Daily Independent (Ashland, KY)

Local News

July 14, 2010

Ky. seeks ways to curb cost of prisons

ASHLAND — Lawmakers may be serious about addressing the rising costs and populations of the state’s prison and jail system.

A Task Force on the Penal Code and Controlled Substance Act on Wednesday laid out an ambitious schedule and plan to provide the General Assembly recommendations by next January on how to improve public safety while reducing corrections costs. The committee, co-chaired by the chairmen of the House and Senate Judiciary Committees, Rep. John Tilley, D-Hopkinsville, and Sen. Tom Jensen, R-London, spent Wednesday afternoon hearing from several national corrections consultants about how to reduce prison populations and costs while ensuring public safety.

That’s not to say there might not be some hitches — selling such plans to lawmakers skittish about public perceptions they are soft on crime and to counties which might fear a corresponding blow to funds the state spends to house state felons in local jails could create some problems.

The Task Force is working with PEW Public Safety Performance Project to study successes in other states based on evidence and research. Richard Jerome, PEW project manager, said part of the process will be to meet with all stakeholders — prosecutors, county governments and law enforcement as well as legislative leaders — to explain their proposals will increase public safety while cutting costs. They also plan a poll on the issues and a communications plan to market the recommendations.

Jensen said the group has three goals: public safety, to make offenders accountable and to reduce costs. The best ways to do that, he said, are to address parole, parole violators — many of which return to prison for technical rather than criminal offenses — alternative sentencing and perhaps reducing the length of some sentences.

Dr. James Austin, of the Washington, D.C., consulting firm, said Kentucky has one of the nation’s lowest crime rates, virtually the same as it was in 1974 when Kentucky housed only about 3,000 felons and had a $30 million corrections budget. The violent crime rate is lower and well below the national average, he said. But now Kentucky houses just less than 21,000 and its corrections budget is approaching $450 million.

“You’re safer than most states,” Austin said. “And the majority of admissions are parole violators.” And most of those are technical violations, rather than new criminal offenses.

Yearly admissions have risen from 7,189 in 1997 to 11,252 in the fiscal year, which ended June 30, and many of those are for parole violations, most for technical violations, things like missing a meeting with a parole officer. Those can be addressed in ways other than sending the offender back to prison at much lower costs with no risk to the public.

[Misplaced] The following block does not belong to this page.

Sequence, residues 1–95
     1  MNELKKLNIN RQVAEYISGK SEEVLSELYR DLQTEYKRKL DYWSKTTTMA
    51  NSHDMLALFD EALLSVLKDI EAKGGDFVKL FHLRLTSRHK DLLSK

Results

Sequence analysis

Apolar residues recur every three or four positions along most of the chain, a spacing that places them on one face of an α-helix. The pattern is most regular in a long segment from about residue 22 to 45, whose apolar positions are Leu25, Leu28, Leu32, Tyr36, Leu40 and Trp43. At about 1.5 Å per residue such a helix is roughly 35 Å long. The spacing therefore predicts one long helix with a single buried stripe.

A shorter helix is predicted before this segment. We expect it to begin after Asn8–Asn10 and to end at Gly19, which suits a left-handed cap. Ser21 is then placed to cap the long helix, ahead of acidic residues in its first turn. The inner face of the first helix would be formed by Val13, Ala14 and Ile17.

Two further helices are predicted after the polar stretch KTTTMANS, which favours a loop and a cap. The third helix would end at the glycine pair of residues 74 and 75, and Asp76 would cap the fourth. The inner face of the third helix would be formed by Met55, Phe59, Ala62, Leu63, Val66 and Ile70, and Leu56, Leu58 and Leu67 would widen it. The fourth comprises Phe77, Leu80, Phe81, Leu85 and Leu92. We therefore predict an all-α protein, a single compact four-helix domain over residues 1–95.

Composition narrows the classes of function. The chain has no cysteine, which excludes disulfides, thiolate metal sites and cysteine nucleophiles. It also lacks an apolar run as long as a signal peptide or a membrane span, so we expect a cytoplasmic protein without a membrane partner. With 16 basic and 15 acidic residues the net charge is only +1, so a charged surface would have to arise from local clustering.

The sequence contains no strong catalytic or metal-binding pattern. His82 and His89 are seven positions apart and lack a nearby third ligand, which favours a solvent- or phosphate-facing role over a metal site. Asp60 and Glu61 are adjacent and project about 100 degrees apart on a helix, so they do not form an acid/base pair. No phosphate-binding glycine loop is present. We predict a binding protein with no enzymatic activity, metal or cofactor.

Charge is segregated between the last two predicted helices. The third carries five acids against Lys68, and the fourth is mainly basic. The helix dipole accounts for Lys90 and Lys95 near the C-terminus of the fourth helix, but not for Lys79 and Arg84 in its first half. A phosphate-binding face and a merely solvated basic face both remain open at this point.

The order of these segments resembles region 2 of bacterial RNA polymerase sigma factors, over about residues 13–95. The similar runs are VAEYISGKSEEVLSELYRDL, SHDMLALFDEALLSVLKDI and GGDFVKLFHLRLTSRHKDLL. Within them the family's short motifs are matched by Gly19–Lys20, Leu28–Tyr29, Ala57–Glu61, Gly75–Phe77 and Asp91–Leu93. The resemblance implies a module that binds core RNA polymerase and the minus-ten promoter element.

Kentucky has actually cut back on its prison population the past three years by increasing its parole rate. But LaRue County Judge-Executive Tommy Turner pointed out that trend is unlikely to continue.

“You’re probably not going to get much higher than that,” Turner said, “and in fact, it may come back a little” because the backlog has been cleared and fewer of those remaining may be eligible or appropriate for parole. But Austin said the recent increased parole rate shouldn’t alarm the public.

“About 60 percent of released prisoners don’t come back,” Austin said, quoting national recidivism rates. “A lot of people think it’s the opposite.” Kentucky’s recidivism rate is actually lower than the national rate.

The other area that affects prison populations and costs is the length of sentences. According to University of Kentucky law professor Dr. Robert Lawson, who has studied the issue and written extensively about it, substance abuse and ever-lengthened sentences as lawmakers passed legislation to enhance sentences for repeat offenders are the major contributing factors to Kentucky’s prison population growth over the past 35 years.

Sen. Jerry Rhoads, D-Madisonville, and others, including Rep. Johnny Bell, D-Glasgow, urged lawmakers to reduce the enhancements for non-violent crimes going into the 2010 session but legislative leaders resisted taking up the idea in an election year. But Rhoads said Wednesday he wants to introduce such legislation in the next session.

Turner said after the meeting he believes Jensen, Tilley and Jerome are sensitive to the fears of counties about changes designed simply to reduce the state’s prison costs – if the savings occur by removing prisoners from local jails along with the payments from the state which many county jails rely on to operate. Even with that, Turner said, county jails have a combined operating deficit of about $140 million that must be subsidized by county general funds.

RONNIE ELLIS writes for CNHI News Service and is based in Frankfort. Reach him at rellis@cnhi.com. Follow CNHI News Service stories on Twitter at www.twitter.com/cnhifrankfort.


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